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Abandoned oil and gas wells can leak high levels of methane and benzene, study shows

This is an image of an abandoned gas well located on a desert landscape in Texas.
Steve Hillebrand
The EPA estimates there are 3.5 million abandoned oil and gas wells in the U.S., such as this abandoned gas well at Lower Rio Grande National Wildlife Refuge in Texas.

A new study shows that toxic chemicals are leaking from oil and gas wells that aren’t even operating, raising concerns about the millions of abandoned wells scattered across the country.

For years, scientists have known that abandoned oil and gas wells leak methane, a potent climate-warming pollutant. Now, researchers with the nonprofit research and policy institute PSE Healthy Energy have discovered that abandoned wells can also release high levels of volatile organic compounds, or VOCs.

One of those toxic gasses is the carcinogen benzene.

Eric Lebel, a senior scientist at PSE Healthy Energy, said there is no safe level of exposure to benzene, citing guidelines by the World Health Organization.

“If it’s leaking gas near where you live, work, play, you can be exposed to hazardous air pollutants,” Lebel said of abandoned wells. “It’s not just a climate concern but also a health concern.”

Lebel co-authored the study, which analyzed dozens of abandoned wells in Western Pennsylvania, including a well just 33 feet away from a house being rented by a family.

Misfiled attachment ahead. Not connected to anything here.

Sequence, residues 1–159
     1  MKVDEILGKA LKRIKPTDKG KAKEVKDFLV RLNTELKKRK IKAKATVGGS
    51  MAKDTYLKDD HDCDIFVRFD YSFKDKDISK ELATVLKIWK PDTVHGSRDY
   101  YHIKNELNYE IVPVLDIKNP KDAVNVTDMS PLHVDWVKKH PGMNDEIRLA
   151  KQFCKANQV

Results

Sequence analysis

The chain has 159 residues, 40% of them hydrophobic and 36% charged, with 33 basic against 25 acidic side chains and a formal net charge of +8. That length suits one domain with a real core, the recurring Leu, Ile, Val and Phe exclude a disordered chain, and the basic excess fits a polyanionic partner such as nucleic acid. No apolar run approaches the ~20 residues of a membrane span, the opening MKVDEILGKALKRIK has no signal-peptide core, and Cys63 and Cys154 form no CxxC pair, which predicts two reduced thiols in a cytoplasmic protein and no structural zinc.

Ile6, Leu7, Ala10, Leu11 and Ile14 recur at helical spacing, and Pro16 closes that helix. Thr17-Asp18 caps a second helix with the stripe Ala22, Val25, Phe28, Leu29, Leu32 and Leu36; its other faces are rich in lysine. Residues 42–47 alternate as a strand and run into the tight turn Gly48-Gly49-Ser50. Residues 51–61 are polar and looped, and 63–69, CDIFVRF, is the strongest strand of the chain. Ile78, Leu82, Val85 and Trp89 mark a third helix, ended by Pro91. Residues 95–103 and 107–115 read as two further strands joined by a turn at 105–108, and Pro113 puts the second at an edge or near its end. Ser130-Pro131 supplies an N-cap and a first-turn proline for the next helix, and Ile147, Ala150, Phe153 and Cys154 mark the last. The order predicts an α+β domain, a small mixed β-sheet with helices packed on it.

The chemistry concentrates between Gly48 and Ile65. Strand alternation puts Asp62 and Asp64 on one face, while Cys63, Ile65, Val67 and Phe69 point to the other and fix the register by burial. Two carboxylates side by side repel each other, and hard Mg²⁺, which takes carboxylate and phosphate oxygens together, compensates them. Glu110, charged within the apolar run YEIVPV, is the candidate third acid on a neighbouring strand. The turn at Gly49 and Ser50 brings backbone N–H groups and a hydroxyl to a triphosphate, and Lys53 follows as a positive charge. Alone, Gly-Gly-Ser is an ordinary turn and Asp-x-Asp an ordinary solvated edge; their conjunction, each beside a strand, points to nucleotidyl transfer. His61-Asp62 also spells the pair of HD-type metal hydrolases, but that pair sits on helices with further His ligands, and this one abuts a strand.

“They had no idea that the pipe that was in the ground was an abandoned well,” said Lebel, adding that many homes and businesses in oil- and gas-producing areas are built on top of abandoned wells and the owners aren’t aware of it.

Some of the nation’s top oil producers are in the Mountain West, including second-ranked New Mexico, fifth-ranked Colorado and eighth-ranked Wyoming, according to 2022 data from the U.S. Energy Information Administration. New Mexico is also the seventh-largest gas producer, followed by Colorado (8th) and Wyoming (10th).

In all, there are an estimated 3.5 million abandoned oil and gas wells in the U.S., according to the Environmental Protection Agency.

This story was produced by the Mountain West News Bureau, a collaboration between Wyoming Public Media, Nevada Public Radio, Boise State Public Radio in Idaho, KUNR in Nevada, the O'Connor Center for the Rocky Mountain West in Montana, KUNC in Colorado, KUNM in New Mexico, with support from affiliate stations across the region. Funding for the Mountain West News Bureau is provided in part by the Corporation for Public Broadcasting.

Kaleb is an award-winning journalist and KUNR’s Mountain West News Bureau reporter. His reporting covers issues related to the environment, wildlife and water in Nevada and the region.
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